• Inter-region interchange fees. These are fees paid by an acquiring bank when a transaction occurred within the EU, but, with a MasterCard which was issued outside of the EU (most typically in the case of a tourist/traveller). The example given by the European Commission in its statement of objections was that “the fees paid by an acquiring bank when a Chinese tourist uses his card to pay his restaurant bill in Brussels are up to five times higher than those paid when a consumer uses a card issued in Europe”. The level of these fees, as set by MasterCard, were considered to be artificially high and again had the end result of increasing prices for consumers.   Notably, inter-region interchange fees have been the subject of further European Commission scrutiny in 2017, with the Commission issuing a statement of objections to Visa in respect of such fees.

In light of the above, the Claimants sought to amend their claim in the High Court, to introduce a new claim based upon MasterCard’s CAR.

Permission to amend was originally granted in early 2017.  Given that the Claimants had limitation issues (because some of the claims related to MIFs paid from 1992 onwards), in order to bring a new claim, the Claimants had to demonstrate that Civil Procedure Rule 17.4 was satisfied. This meant showing that the new claim “arises out of the same facts or substantially the same facts as a claim in respect of which the party applying for permission has already claimed a remedy in the proceedings”.   The High Court Judge decided in favour of the Claimants

  • Considering that a “new” claim in relation to the CAR satisfied the provisions of CPR 17.4, arising out of the same or substantially the same facts as the original action.   That is, the original claims all arose out of the 2007 commission decision referred to above, and the MIF. The CAR was held to be arising out of the same facts as it is a mechanism by which the MIF is applied; and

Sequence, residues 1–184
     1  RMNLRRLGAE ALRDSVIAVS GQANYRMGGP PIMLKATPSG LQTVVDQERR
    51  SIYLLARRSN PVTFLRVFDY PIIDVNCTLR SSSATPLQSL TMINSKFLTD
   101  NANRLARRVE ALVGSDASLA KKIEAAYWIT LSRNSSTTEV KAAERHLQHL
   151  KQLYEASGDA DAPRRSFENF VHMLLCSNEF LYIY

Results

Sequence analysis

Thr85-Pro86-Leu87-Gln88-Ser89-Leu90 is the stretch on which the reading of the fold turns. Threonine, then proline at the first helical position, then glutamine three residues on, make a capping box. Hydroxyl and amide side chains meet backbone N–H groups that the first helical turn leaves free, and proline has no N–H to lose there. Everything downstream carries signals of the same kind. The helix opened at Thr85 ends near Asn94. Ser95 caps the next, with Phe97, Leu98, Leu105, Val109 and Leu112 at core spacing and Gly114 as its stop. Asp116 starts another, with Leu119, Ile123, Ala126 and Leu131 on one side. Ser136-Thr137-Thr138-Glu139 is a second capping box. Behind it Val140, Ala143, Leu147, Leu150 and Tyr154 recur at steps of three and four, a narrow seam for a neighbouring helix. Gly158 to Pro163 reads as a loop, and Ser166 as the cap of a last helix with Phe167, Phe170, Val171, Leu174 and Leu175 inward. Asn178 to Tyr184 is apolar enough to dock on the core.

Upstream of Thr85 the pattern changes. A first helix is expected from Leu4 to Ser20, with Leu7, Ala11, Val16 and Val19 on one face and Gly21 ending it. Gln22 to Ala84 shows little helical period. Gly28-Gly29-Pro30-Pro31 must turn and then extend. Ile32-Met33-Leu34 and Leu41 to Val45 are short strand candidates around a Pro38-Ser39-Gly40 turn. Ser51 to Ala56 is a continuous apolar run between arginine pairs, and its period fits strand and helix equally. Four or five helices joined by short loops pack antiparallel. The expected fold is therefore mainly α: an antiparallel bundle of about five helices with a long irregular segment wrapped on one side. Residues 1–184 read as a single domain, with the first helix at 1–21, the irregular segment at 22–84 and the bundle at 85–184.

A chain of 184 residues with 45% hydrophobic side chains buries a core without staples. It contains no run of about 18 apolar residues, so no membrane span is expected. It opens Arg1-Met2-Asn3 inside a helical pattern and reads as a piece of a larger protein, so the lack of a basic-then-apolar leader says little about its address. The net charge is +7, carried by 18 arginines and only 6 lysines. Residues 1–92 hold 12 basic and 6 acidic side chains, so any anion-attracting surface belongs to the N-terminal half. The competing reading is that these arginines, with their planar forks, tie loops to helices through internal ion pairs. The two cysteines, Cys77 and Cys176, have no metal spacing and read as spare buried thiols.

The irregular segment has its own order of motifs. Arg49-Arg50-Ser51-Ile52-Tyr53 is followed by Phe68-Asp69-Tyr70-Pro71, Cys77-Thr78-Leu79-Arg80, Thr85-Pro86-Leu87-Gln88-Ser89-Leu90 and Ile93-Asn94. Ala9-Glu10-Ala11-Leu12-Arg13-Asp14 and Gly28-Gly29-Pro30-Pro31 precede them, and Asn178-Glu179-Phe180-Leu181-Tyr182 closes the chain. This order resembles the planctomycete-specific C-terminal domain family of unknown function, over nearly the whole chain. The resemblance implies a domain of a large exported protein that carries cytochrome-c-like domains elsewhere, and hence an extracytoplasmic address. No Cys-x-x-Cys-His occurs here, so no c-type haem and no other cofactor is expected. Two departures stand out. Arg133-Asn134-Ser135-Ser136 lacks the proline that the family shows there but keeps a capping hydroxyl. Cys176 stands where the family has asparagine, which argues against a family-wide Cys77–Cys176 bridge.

• The benefit of the above being that, for limitation purposes, the “new” claim was held as having been commenced by the Claimants when the original claims were brought. This is due to Section 35 of the Limitation Act 1980 (“LA 1980”) which states that any new claim made in the course of any action shall be deemed to be a separate action and to have been commenced on the same date as the original action. This decision was clearly damaging to MasterCard’s limitation defence. MasterCard sought to argue that any allowed amendment should only take effect from the date upon which the Claimants’ served an application to amend their Particulars of Claim – which would follow the approach taken in WM Morrison Supermarkets Plc & Ors v MasterCard Inc & Ors [2013] EWHC 3271.


MasterCard appealed this ruling to the Court of Appeal in S

pring 2017, arguing that the Claimant’s new claim did not arise from substantially the same facts. MasterCard was successful in this appeal. The Court of Appeal considered that actually, new factual enquiries would be required into the new claim.   As such, the test in CPR 17.4 was not satisfied and the Claimants could not gain the limitation benefit under Section 35 of the LA 1980 (discussed at point (2) above).

Unsurprisingly, the Court of Appeal decision was appealed by the Claimants, who have just been granted permission to appeal by the Supreme Court.   A Supreme Court hearing date is awaited and we will report further on this case as reaches its conclusion in the Supreme Court.